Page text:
PuTTY preferences X11 forwarding
Tips to save time
When working with PuTTY, these suggestions are very welcomed:
By clicking and dragging directly, it will be copied to the clipboard, without using CTRL + C. If you want to select a rectangular area just press the ALT key before clicking in the session window opened with PuTTY. Remember that clicking with the right button inside the window will paste (CTRL + V) what you have on the clipboard, although you may also use SHIFT + INSERT to paste.
By secondary clicking on the title bar of the window you will have some very interesting options, such as:
- Work in full screen. This allows you to work without distractions.
- Duplicate the session, that is, another terminal window with the same server (there is also another option to open a totally new connection or choose between the profiles you have saved).
- In the configuration option, you can check the option to reuse the connection and then when connecting, right click and choose to duplicate session. From there, all the connections you make will use a single path, even if you use CMD.exe to run other PuTTY executables (psftp,plink, etc.) followed by the profile name you use for the connection and the rest of required parameters.
- Depending on the type of connection you have established, PuTTY can offer the most used special commands, for example in SSH you will have SIGKILL, SIGTERM, etc
- Remember that PuTTY stores, by default, the last 200 lines that you worked with (regardless of how keyboard shortcuts are handled in the terminal), because with the configuration option you can increase it to 5,000, just as an example. What use is this to us? Well, if for some reason you lose the connection, then right click again on the title bar of the window and select “Restart connection” and you will still keep everything you have written up to 5,000 lines up!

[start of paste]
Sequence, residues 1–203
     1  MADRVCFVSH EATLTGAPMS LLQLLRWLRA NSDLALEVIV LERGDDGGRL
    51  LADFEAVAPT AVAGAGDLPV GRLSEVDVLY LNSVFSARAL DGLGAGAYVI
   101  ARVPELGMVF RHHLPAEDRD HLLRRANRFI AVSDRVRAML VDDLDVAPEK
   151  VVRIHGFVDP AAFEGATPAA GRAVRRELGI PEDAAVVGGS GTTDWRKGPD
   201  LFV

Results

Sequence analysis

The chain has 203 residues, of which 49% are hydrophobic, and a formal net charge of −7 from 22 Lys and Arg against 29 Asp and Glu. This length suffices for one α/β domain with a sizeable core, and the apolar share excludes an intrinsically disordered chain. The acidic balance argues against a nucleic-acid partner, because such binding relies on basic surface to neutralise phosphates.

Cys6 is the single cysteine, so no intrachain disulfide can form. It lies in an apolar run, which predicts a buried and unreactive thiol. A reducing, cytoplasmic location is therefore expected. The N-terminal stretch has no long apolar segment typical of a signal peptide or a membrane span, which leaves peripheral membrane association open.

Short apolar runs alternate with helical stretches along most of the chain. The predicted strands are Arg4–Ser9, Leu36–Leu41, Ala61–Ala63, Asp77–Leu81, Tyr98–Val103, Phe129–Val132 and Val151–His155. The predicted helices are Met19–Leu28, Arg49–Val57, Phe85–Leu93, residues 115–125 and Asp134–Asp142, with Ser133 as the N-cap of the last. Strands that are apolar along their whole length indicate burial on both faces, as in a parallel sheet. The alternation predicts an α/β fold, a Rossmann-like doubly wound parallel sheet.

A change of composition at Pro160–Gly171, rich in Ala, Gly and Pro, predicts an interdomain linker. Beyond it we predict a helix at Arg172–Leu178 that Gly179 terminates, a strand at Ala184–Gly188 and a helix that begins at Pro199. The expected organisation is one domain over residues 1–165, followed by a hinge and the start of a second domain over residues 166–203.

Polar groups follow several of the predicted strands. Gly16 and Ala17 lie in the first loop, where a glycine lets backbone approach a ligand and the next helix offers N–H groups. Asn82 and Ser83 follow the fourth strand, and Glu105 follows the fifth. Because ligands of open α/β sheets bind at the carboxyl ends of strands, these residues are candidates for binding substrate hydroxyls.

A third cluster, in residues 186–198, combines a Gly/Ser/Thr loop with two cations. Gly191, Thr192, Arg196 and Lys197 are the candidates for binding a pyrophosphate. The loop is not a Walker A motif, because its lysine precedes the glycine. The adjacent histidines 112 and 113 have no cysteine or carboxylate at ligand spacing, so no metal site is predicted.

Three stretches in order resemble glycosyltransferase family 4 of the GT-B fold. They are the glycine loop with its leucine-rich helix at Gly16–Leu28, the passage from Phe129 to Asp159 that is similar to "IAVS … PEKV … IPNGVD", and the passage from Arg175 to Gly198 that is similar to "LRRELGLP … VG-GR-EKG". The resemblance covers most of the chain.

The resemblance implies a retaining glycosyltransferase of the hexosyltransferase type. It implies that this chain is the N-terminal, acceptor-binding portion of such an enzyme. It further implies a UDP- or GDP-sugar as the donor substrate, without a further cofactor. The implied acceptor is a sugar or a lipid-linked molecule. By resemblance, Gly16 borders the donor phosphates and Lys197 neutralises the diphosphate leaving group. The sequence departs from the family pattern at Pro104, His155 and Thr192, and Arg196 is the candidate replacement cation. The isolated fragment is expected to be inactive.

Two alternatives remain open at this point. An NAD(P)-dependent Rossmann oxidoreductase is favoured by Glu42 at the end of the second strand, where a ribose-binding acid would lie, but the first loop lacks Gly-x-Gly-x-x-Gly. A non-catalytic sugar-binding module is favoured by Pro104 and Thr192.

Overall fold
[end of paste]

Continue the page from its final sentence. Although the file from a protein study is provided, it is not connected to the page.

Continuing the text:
Remember the lock icon on web pages? Based on that same concept, and to avoid malicious SSH servers (ask them to send you questions of some kind about your passwords) PuTTY has an ingenious method of drawing an icon to differentiate – and legitimize – the warnings and questions that PuTTY asks you in the terminal window. However, this defense cannot be done in Windows CMD windows like for Plink (this executable is used to automate connections and you may never use it directly, but I make an exception).
If you use Powerline to give each of your remote machines a professional look (and to differentiate them as well), you can clone the repository and take the fonts and install them in Windows®. Then upload the necessary profile and set the recently installed font to your liking. In any case, PuTTY also allows customizing colors, styles and behaviors when resizing the terminal window and many other things.
PuTTY configured with Powerline font
PuTTY and Pandora FMS
As you can see, PuTTY is actually an additional tool for monitoring as it helps you test and/or debug applications in general because, although SSH is its strength, it has other protocols such as Telnet and even live TCP! How can you contribute to PuTTY? Apart from receiving donations through Paypal, there is something you can do that will make the authors happier: spread and tell others about this software. For example, you can set up your very own mirror site that syncs monthly with the original. If you want to get more committed you can download its source code and help debugging.
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Of course, one of the things that Pandora FMS can control is the hard disks of your computers.